The Sequel, wherein I have an unexpected, surprise first-hand report.
I was pretty lucky the first time, to happen to be online when Jennifer Dodd reached out to me for values opinion, during a live auction of an estate with Monrovia Hagen-Renaker horses.
I was doubly lucky to be asked a second time, but this time, Jennifer was contacted directly by the auctioneer with "more of those horses you like". I may have come to mind again because 1. I restored a couple of her initial lot, and 2. I happened to be located on the way to the pick up.
She messaged me some photos, and asked for values. I sent her the numbers, with their total, and the next thing I know... "Are you free?"
Well, this must have been meant to be, because I had just sent off a commission for approval ahead of deadline, so I had nothing to do on that until I heard back. I had finished demolding, and all the studio shipping and receiving for the day. Let's go save them!
Yes, the "Let's go save them!" impulse was running pretty strong in both of us. The last thing we wanted to see was any more loss and damage to these old, ceramic artworks. We didn't know what to expect, so we both grabbed boxes and wrapping materials, and tossed them in her car. These horses were in the exact same situation that damaged the others; the circumstance that we were told led to the complete obliteration of a Crusader, large white Honora, and a small rose gray Zara. We didn't want to see that painful story repeat.
Repeat, it could... for you see... the same molds that were reported as smashed to dust, were in this lot.
The only damage in this whole lot.
Before cleaning & restoration. This one has a dark ribbon.
What are the odds that the same lost molds (and in their respective colors) would appear in the next group? The auctioneer confirmed that they came from the same estate.
Duplicates? The same horses, just held back? I will leave that to the reader to speculate, but luck certainly played some part in this. We're just grateful that the auctioneer directly reached out to collectors, and didn't just put them in some random lot of housewares.
When we arrived, the auction staff had carefully bubble-wrapped each horse, and laid them out in cardboard flats, stashed safely out of the way. We were touched that they were so careful with this group. It was pretty exciting to be the first collectors to handle these ceramics in decades, and realize that we would reunite them with their "stablemates" from the previous auction lot.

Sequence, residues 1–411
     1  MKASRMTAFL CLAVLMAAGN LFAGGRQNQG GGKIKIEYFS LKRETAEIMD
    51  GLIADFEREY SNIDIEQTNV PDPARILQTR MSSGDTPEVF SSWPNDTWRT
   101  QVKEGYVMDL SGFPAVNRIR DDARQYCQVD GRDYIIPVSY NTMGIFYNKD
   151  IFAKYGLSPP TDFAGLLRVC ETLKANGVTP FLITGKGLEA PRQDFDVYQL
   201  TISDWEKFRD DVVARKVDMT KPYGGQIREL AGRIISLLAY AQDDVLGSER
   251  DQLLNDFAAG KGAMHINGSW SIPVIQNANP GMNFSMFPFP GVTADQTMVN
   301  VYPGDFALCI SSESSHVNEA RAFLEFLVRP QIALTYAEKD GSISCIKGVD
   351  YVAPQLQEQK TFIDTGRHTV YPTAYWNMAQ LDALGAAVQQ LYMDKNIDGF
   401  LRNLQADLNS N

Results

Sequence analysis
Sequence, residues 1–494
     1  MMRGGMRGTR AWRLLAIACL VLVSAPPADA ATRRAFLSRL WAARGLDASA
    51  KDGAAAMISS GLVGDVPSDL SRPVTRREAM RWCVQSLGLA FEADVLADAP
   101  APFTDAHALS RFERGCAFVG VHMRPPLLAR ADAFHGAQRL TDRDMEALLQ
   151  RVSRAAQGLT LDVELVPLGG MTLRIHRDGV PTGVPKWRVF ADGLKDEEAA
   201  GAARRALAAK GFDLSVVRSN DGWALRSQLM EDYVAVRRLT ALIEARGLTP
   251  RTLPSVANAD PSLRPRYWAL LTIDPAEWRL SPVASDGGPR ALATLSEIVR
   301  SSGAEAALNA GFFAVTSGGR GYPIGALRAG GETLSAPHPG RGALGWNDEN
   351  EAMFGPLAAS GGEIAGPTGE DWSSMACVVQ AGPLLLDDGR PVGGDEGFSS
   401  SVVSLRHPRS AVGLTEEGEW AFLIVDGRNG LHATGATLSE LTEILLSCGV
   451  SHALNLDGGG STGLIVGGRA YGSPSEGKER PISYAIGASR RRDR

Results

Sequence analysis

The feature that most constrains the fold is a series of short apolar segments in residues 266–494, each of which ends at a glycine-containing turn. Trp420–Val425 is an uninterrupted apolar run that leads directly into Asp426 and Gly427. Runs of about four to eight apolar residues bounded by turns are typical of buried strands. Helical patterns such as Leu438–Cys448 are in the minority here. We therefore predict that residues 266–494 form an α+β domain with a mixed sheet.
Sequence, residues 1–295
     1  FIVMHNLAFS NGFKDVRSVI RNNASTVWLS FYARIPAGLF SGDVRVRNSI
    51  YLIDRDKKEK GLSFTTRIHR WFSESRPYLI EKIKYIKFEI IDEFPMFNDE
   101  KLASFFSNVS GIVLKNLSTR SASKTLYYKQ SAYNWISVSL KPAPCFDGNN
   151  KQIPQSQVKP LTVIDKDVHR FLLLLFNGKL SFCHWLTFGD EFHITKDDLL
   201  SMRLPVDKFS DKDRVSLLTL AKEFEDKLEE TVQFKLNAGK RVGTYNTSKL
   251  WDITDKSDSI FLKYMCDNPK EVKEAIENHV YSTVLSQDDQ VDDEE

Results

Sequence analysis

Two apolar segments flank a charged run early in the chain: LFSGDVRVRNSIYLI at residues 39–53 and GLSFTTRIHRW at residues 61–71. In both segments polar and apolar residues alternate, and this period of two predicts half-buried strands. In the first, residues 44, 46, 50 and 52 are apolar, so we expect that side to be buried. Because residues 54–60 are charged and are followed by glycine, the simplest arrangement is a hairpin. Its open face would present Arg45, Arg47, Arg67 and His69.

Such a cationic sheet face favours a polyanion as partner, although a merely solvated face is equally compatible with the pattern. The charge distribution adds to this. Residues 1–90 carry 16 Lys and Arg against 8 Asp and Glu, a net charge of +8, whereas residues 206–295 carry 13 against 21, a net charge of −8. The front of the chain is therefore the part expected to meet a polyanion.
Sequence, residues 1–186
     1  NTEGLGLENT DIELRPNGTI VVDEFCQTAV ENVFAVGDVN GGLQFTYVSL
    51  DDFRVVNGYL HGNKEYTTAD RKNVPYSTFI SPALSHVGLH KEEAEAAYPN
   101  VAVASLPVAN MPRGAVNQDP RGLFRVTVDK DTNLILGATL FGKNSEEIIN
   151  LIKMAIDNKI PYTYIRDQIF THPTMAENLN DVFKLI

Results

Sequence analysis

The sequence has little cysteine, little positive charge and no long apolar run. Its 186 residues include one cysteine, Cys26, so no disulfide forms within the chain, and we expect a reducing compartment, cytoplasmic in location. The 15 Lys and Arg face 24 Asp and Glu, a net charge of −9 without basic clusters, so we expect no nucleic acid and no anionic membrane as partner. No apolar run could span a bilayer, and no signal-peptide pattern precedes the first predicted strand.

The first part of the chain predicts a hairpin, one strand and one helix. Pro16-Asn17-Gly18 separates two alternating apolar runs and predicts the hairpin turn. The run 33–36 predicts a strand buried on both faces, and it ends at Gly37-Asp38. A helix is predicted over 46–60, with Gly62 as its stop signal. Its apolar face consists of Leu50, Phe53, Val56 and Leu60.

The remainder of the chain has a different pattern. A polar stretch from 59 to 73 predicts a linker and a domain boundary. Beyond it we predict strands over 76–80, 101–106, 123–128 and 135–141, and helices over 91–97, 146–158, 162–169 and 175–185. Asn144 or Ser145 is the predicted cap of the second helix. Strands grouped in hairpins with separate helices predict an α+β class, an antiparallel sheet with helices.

When we returned to my studio, we set straight to work cleaning them. The rubbing alcohol and gloves came out. It was a fun evening of chatter of collectors, hearts overflowing with joy and the destiny of the whole thing.
Photo by Jennifer Dodd.
All cleaned up.
Hagen-Renaker Monrovia DW Crusader.
If you recall the past Crusader/Sespe post, you may be noticing something funny about this rescued Crusader. Here is a comparison photo with a typical Crusader.
< Normal Monrovia Pale Rescue Monrovia >
This paleness is not an acquired thing, it can't occur with age; this is how she left the factory. Are they found any paler? Her gray shading batch is likewise tinted differently, a brown or flesh, instead of normal gray. Her mold detail is equal, but without dark shading for contrast on the edges, it is hard to see at a distance. Of course, this is exactly the sort of variation I collect, as a potter. It may not appeal to collectors seeking a competitive show horse, because it would appear flat/lacking detail on the judging table. This really was meant to be... she was meant to "find" me.
We could not have asked for a happier ending! Those lost are safely in one piece, in collector hands. I hope this cheers all the folks who cried with us over the reported losses.
Gratitude to Jennifer Dodd, for the spontaneous sharing!